Mufamadi names Tony Leon as man behind Winnie investigation request

Sydney Mafumadi, the former minister of safety and security – now the ministry of police – held a press briefing this morning in Johannesburgh to respond to “five chilling revelations” made in the award-winning documentary Winnie, which aired on eNCA last week, but which was released far earlier worldwide.

Mafumadi said he decided to hold the briefing after struggle icon Winnie Madikizela-Mandela had been laid to rest to observe the period of mourning for the Mother of the Nation.

“I chose to observe the period of mourning for Winnie Mandela because I thought it will be wrong for me to be tempted to stampede her legacy, which is our shared legacy,” he said.

Mafumadi questioned whether the body that gave the award to Winnie – produced by Pascale Lamche – considered journalism ethics because those accused in the documentary – including himself – had not been granted the right to respond. He dropped the bombshell that it was in fact the then Democratic Party (the DA’s predecessor) leader Tony Leon who was pushing for the Winnie investigation to be reopened.

“You don’t think they have a right to ensure that they put forward a version which may corroborate or compare and contrast what others are saying. This is a right I will promote and defend even if the victim is not myself,” he said.

He said before the documentary aired, he received a call from a representative of the company that bought the rights to air it on television asking him if he had any objections to it being broadcast and he said he did not as he would respond in a different way.

“I said I have absolutely no right to censor a documentary even though I was denied the right or I was presumed dead; there are other ways by which I would be able to communicate with the public,” Mafumadi said.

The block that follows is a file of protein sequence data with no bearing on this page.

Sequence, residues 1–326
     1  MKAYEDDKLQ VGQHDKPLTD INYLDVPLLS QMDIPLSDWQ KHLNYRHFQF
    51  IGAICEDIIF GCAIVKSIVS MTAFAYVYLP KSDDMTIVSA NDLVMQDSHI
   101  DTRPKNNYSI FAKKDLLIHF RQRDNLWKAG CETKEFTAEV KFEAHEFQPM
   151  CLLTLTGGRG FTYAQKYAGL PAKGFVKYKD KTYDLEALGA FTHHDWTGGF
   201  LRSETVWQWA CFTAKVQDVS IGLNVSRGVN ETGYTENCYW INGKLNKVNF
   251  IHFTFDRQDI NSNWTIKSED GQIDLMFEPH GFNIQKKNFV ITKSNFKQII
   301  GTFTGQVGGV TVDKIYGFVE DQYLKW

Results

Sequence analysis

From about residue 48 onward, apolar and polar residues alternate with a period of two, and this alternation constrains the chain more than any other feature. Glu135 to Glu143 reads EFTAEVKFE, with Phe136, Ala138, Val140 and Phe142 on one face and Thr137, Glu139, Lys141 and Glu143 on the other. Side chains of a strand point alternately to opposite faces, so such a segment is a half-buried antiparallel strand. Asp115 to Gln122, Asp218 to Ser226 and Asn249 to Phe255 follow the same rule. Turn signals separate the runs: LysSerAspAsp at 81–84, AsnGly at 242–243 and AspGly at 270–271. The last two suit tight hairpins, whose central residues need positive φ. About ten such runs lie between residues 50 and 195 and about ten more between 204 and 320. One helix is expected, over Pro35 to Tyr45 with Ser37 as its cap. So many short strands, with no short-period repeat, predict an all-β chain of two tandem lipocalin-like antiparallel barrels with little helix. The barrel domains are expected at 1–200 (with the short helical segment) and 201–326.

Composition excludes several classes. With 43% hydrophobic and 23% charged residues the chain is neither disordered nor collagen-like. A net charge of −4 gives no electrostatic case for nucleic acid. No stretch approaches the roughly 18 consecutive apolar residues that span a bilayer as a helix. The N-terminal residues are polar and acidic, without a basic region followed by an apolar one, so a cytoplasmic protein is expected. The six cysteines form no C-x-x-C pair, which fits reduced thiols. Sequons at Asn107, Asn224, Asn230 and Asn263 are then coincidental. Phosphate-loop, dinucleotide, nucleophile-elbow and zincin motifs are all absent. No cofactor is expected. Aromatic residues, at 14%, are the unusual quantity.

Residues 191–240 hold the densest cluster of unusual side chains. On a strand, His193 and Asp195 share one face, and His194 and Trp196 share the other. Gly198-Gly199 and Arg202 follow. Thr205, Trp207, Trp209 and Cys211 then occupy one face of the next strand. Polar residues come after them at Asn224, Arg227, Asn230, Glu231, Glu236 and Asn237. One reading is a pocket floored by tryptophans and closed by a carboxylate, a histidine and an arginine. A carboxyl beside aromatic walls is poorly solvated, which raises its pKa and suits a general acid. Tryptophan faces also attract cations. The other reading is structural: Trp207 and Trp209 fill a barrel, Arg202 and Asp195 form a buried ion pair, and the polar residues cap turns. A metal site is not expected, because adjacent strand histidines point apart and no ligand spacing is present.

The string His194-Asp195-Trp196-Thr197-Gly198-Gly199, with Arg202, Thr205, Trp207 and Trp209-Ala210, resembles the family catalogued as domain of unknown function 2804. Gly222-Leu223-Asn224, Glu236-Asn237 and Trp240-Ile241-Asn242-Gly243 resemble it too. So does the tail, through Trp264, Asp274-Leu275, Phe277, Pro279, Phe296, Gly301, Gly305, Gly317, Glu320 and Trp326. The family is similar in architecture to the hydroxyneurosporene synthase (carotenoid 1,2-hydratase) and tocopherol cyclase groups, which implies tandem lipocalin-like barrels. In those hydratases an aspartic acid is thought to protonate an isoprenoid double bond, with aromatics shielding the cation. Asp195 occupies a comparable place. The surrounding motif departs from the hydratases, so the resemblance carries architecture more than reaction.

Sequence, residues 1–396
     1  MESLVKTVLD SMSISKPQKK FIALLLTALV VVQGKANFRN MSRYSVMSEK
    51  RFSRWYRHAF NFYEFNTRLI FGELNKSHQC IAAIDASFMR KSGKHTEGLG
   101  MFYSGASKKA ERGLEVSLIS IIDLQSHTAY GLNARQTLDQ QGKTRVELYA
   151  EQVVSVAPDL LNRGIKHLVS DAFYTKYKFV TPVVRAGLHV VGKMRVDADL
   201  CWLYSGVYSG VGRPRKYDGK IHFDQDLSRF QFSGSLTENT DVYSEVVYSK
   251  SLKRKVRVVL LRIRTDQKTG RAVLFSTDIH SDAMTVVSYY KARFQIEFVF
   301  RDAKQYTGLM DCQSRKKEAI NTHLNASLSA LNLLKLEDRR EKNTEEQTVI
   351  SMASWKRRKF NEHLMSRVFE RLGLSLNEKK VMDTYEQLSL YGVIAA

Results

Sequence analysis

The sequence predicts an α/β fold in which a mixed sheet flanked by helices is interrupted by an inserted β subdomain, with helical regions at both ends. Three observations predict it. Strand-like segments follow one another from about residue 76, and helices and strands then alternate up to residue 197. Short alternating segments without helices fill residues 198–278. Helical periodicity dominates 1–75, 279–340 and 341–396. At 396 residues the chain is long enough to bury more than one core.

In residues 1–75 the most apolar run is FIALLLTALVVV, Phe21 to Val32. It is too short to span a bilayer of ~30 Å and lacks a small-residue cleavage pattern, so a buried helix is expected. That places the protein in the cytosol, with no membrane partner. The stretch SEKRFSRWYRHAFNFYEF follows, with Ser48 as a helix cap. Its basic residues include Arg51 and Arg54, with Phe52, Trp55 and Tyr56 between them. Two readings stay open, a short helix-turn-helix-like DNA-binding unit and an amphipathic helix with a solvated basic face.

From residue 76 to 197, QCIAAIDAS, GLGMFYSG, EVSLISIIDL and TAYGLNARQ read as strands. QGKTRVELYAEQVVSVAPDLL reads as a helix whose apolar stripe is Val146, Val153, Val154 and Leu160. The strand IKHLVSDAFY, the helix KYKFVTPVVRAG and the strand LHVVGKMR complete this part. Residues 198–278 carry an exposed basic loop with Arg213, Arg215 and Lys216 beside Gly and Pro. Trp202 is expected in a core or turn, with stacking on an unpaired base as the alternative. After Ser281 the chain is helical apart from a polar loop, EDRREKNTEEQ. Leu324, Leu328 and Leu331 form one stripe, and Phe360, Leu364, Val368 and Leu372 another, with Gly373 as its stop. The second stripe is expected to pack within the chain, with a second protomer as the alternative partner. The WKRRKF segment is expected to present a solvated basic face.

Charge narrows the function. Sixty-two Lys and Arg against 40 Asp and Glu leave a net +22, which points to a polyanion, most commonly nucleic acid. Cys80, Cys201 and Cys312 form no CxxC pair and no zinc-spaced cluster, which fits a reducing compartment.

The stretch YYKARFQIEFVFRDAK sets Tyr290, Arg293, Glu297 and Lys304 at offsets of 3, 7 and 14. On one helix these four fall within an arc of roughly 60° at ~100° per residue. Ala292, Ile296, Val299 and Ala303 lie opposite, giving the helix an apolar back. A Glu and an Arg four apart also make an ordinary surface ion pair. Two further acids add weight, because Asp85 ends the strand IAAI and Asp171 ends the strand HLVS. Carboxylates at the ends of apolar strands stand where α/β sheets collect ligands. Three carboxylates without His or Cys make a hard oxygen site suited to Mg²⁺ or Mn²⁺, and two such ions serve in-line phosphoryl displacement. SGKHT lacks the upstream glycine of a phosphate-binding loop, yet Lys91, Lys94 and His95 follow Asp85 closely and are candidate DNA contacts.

Mufamadi dismissed claims that he had ordered new investigations into the murder of Stompie Seipei, Mufamadi said Hank Hesslinger – the source of allegations in the interview and part of the team put together by former police commissioner George Fifaz when investigations were reopened to link Winnie to Stompie’s murder – would have known even at the time of the interview that as far as operational issues were concerned, deciding whether to open or close investigations was not the responsibility of the minister, but the function of national police commissioner.

Mufamadi said Hesslinger may have been describing what used to take place in the police before 1994, and that the police during his tenure ran ethical governance.

He questioned why the producer of the documentary had decided to use operatives of the apartheid era’s Stratcom propaganda machine to tell the story of Madikizela-Mandela, when her legacy could be better related by the ANC.

 

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Read original story on citizen.co.za

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